The most successful brands consistently meet or exceed expectations. BMW positions itself as the ultimate driving machine and it places its emphasis on superior engineering and design to ensure it delivers on that brand positioning. You won’t see them offering a line of economy class cars because that’s not who they are and that’s not what their customers expect of them.
But what about Canada’s political parties? How are they positioning themselves within the voter marketplace and are they meeting those expectations? Over this current 2011 election, we’ll look at the brand of each of the three main parties. We’ll start with the front-runners.
The Conservatives have been very successful in positioning themselves as the best stewards of the economy. It’s a fact that Canada has fared better than many other countries through the recent economic crisis and the Conservatives have been taking the glory for that. Is it deserved? Considering they introduced the stimulus plan only after the threat of a coalition forced them to prorogue parliament and “re-calibrate” their position, one could argue with that. However, there is evidence that the economy is rebounding and this strengthens the perception in the minds of many voters that the shrewd economic managers brand position fits.
Of course, they have also staked out positions that resonate with their party faithful – they are tough on crime, they favour spending to strengthen the military, they oppose the long gun registry, and they are in favour of tax cuts to corporations and individuals. This position puts them in a very strong position with their conservative-minded base, many who are baby boomers and seniors. These folks are also a portion of the population that feels very strongly that it is their civic duty to turn up to vote. That’s a strong foundation upon which to build.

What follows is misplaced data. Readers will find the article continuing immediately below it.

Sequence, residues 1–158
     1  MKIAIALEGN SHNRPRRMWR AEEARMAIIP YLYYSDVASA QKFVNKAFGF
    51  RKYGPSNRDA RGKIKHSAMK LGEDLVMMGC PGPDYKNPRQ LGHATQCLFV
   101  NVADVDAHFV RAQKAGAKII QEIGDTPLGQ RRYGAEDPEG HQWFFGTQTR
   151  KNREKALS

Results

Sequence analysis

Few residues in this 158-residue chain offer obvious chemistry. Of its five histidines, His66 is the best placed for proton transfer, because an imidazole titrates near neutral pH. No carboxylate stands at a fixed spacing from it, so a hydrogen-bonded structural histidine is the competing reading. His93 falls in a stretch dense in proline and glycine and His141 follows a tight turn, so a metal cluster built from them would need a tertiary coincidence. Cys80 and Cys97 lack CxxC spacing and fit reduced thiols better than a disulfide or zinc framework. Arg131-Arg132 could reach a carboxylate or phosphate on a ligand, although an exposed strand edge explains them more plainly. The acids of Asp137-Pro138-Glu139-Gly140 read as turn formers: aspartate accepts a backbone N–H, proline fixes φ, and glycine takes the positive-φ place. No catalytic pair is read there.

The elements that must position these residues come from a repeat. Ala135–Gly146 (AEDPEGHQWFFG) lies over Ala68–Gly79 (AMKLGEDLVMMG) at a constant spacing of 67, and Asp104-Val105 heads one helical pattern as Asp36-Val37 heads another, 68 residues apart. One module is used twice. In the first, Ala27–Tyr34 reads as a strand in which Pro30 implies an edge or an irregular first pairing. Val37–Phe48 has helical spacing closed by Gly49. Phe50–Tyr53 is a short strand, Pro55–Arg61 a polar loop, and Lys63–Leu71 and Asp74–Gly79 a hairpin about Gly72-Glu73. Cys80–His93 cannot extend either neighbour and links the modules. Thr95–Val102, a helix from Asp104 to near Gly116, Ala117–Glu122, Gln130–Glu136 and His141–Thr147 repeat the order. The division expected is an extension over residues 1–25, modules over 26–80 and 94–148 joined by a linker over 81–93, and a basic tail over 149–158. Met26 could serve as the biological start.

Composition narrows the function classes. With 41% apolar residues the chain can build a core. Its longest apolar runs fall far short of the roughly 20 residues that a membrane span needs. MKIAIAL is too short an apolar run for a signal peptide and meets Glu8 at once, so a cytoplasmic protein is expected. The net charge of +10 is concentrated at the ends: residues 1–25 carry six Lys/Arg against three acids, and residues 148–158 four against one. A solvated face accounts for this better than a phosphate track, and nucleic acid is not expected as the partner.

On the down side, the Harper-led Conservatives were first elected because they were going to fix Ottawa and take us away from the days of the Liberal Sponsorship Scandal. As time has passed, they have not met this expectation and the party has significant questions of integrity hanging over its head.
They are also perceived as being inactive on the environment and climate change, and closely tied to the oil industry in the west. This is a negative for many younger voters who care deeply about this issue.
The Conservative Party brand, as with all parties, is linked with the personal brand of Stephen Harper. He has been a polarizing figure and Canadians either love him or despise him. He is perceived as very serious and a bit of a control freak, but is given a great deal of latitude due to the economy. Harper won’t electrify people with his personality, but people know the country is not going down the tubes with him at the helm.
The Bottom Line
The Conservative brand position as stewards of the economy is strong and will trump the negative perceptions in the minds of many. They are likely to again form the government, but their strong positions on some issues will make it difficult for them to reach a majority.